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Southport Reporter®

Edition No. 203

Date:- 29 May 2005

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ON 24 May, the North West Air Ambulance (NWAA) celebrated its 6th Anniversary as the region's only air emergency service with a special party at Hoghton Tower near Preston.

Trustees, team members, past patients, volunteers and friends of the NWAA gathered together to show their continuing support and celebrate yet another landmark birthday for the charity.

Established in 1999, the NWAA has served the North West's residential population of 7 million for 6 years, offering a vital service 7 days a week, 365
days a year, across an area of 5,500 square miles.

Each year in service marks a milestone for the NWAA, as the charity receives no mainstream funding and survives solely on the generous and kind donations made by individuals and businesses across the region. As with many businesses and services, maintenance costs for the NWAA increase and fluctuate every year and this year is no different, with the figure reaching just under a staggering £1 million.

In December 2004 the NWAA received a £500,000 residual legacy from the estate of the late Katie Caine from Thornton Cleveleys to buy a brand new state-of-the-art EC 135 helicopter, which has several advantages over the present one including a faster and more efficient service.

Lynda Brislin, charity chief executive of the NWAA comments:- "We announced at the birthday party that, once the new vehicle is delivered later this year, it will cost us an extra £500,000 to maintain. We are extremely grateful for the kindness of the people of the North West, and their continuing support is infinitely valued, now more than ever."

In 2004 the NWAA covered 829 incidents throughout the North West, and in the first 4 months of 2005 it has attended 203 incidents. Covering Cumbria, Cheshire, Lancashire, Greater Manchester and Merseyside, the NWAA responds to incidents including those on major motorways, serious accidents including horse riding, rugby and motor cycling, serious road accidents and incidents in areas with poor and restricted road access including golf courses, fells, woods or beaches. On average the NWAA is called out 4 times a day, rising up to 10 in the summer.

For the patient, the NWAA is the fastest emergency service. Donations can be made by ringing 0800 587 4570.

BeGIN building for the future!

THE North West's premier green procurement event, 'BeGIN 2005:- Buying Green In the North West', is coming to Haydock Park Racecourse, St Helens on 28 June 2005. This year, the product showcase and seminar presentations are focusing on the construction and public sectors, reflecting the importance of the regeneration agenda in the North West. Delegates will learn how to win contracts and secure markets through green procurement and specifying recycled products.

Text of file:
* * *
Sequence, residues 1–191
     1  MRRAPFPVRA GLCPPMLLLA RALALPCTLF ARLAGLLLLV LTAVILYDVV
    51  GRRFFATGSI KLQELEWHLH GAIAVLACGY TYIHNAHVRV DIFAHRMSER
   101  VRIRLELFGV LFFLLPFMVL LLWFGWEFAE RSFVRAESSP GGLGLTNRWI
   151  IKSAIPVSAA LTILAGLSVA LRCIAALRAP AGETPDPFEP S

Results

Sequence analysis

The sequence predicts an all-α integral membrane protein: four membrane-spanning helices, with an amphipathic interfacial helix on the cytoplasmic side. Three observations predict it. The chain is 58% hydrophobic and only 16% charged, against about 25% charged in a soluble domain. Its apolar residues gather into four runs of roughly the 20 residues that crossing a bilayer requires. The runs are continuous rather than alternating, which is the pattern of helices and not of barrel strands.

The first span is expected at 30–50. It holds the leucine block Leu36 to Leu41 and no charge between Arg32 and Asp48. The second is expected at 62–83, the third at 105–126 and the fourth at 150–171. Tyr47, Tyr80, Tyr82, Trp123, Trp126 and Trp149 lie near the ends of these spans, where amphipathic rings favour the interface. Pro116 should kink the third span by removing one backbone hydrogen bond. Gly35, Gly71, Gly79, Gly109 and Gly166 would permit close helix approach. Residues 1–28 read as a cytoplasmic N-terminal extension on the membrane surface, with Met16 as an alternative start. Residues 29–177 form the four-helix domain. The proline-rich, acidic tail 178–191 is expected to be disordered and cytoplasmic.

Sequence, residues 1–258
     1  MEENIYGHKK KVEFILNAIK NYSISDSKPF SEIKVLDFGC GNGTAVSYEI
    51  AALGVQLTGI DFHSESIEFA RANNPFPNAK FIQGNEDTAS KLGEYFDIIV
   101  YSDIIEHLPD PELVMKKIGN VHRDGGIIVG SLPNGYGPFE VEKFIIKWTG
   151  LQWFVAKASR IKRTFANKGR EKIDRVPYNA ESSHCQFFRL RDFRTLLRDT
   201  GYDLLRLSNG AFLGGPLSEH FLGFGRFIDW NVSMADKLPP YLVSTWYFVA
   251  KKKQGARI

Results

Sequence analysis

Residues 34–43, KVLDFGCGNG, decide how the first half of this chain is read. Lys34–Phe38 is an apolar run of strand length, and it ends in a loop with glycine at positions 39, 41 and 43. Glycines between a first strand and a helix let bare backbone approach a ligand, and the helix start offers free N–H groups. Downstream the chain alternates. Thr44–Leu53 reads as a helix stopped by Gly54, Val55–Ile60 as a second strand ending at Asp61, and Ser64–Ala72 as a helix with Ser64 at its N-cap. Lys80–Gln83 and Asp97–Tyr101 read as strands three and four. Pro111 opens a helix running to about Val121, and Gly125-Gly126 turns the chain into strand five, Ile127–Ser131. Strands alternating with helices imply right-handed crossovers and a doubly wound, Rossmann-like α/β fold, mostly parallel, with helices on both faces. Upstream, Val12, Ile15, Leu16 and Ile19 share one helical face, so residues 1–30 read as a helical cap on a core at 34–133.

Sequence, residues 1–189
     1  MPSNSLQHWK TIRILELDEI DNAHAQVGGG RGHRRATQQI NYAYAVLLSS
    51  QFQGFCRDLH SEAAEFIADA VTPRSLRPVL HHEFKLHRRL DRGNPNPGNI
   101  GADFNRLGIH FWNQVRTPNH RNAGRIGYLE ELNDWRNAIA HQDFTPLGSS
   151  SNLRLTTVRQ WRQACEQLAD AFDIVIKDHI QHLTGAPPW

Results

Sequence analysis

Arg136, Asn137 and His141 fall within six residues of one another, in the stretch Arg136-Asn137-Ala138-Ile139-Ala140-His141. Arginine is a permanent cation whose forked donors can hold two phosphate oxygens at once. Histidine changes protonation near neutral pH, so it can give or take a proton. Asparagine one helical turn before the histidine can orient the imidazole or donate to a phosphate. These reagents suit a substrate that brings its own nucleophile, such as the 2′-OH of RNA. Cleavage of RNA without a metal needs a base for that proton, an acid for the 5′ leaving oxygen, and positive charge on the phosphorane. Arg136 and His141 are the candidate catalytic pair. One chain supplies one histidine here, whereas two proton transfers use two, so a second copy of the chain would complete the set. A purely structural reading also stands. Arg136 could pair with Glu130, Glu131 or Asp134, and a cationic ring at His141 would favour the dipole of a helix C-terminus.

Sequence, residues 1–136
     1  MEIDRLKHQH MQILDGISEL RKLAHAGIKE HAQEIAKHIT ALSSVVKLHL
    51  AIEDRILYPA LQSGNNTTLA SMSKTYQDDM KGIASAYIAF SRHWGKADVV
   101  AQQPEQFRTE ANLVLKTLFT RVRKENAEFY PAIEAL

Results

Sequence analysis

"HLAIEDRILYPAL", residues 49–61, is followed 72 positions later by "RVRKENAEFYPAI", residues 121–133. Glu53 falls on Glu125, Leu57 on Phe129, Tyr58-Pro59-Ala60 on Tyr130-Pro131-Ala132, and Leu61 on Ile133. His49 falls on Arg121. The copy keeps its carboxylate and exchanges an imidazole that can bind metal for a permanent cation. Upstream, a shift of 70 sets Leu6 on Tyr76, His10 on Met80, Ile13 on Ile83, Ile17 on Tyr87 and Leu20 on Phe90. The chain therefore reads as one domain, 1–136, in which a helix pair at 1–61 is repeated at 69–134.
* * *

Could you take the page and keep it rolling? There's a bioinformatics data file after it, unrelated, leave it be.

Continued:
BeGIN 2005 offers a series of free business seminars to delegates, as well as companies exhibiting a wide range of innovative recycled products. The seminars highlight the drivers, benefits and business case for buying and specifying recycled products. Presenters include the Government's Waste And Resources Action Programme (WRAP), the Department of Trade and Industry (DTI) and Constructing Excellence North West.

Andrew Thomas from Constructing Excellence North West said:- "This is one of the most important events that the construction and public sectors should attend this year, building a greener and more sustainable infrastructure for the North West is top of the region's agenda, and BeGIN 2005 can help with both advice and guidance as well as examples of those who are already putting green procurement into action."

The free event has been organised by the Clean Merseyside Centre (CMC), the North West's only dedicated market development programme for recycled products and materials, through its successful Buy Recycled Programme funded by Shanks First. Sponsors of the event are Milliken Carpets, Octaveward building products and St Helens with St Helens Chamber of Commerce and the Centre of Construction Innovation NW providing further technical support

Businesses reluctant to respond to new UK only web legislation